Phenolic contents in fruit juices of plums with different skin colors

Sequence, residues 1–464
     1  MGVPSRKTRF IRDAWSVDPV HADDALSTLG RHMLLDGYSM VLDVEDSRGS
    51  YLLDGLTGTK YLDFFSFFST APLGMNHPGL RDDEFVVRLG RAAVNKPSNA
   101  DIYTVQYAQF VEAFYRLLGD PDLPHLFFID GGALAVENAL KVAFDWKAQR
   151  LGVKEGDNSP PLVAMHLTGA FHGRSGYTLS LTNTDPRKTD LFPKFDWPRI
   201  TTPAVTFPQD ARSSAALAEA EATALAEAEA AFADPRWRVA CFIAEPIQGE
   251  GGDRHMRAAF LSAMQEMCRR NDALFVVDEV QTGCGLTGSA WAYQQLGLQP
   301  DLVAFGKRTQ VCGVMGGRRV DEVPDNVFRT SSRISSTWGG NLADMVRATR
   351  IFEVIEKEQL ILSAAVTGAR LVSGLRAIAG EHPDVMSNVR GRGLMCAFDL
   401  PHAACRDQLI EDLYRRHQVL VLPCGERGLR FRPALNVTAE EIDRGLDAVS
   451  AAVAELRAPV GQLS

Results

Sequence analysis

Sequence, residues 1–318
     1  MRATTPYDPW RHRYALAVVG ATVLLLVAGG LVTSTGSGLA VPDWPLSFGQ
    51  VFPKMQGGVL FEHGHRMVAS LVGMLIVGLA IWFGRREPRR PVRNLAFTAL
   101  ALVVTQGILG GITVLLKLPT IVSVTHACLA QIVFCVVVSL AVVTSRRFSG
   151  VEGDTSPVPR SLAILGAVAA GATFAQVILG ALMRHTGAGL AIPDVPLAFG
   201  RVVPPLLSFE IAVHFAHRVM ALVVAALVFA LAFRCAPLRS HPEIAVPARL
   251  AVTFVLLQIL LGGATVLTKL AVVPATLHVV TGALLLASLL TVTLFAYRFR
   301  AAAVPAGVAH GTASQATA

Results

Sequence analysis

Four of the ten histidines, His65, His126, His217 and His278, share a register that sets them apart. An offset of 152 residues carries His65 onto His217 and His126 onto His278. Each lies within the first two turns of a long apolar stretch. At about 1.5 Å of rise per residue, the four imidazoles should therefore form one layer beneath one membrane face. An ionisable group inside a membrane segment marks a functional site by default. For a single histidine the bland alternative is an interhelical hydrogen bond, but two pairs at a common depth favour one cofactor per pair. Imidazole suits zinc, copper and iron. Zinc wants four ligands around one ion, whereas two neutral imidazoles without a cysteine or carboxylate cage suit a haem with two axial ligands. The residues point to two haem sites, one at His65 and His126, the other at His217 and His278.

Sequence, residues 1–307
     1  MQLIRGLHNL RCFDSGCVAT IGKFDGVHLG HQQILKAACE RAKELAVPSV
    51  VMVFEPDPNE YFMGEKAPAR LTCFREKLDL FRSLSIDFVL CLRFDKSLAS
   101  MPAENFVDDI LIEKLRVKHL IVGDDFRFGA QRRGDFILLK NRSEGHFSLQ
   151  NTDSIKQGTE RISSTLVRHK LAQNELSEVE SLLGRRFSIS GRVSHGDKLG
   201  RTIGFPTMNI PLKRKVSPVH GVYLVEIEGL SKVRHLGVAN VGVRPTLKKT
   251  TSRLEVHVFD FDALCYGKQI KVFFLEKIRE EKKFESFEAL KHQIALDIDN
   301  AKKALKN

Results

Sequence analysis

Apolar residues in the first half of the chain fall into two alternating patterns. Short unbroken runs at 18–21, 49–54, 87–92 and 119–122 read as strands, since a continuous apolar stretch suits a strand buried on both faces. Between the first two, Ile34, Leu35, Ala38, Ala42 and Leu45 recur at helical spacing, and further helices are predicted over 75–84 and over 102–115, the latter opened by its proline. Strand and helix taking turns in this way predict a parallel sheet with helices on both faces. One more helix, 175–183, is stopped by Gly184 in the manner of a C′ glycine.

Polyphenols in fruits are of increasing interest for consumers and for plant scientists because of their health beneficial potential and their role in plant physiology and disease resistance. Anthocyanins contribute significantly to the attractive pigmentation of red and blue plums. Mirabelles and several reineclaudes do usually not accumulate anthocyanins in the skin. Is this linked to a general low phenolic level? Both the health aspect and the pigmentation are interesting traits for the breeder. For this purpose, rapid analytical methods are necessary. One time consuming step is the extraction of polyphenols. However, fruit juices are easily produced and are anyhow used for estimation of quality traits such as sugars and acidity. Here we show that HPLC analysis of plum juices represent the phenolic profiles of the whole fruits. We analysed the phenolic patterns of juices from 43 plum varieties with yellow, blue and dark blue fruit skins. In most cases, a weak red pigmentation co-occurs with a low total phenol level. However, there are exceptions that may help the breeder to combine yellow fruit skin with a high level of health beneficial phenolic compounds by using the appropriate donor genotypes. The method described here offers a valuable tool for selection.
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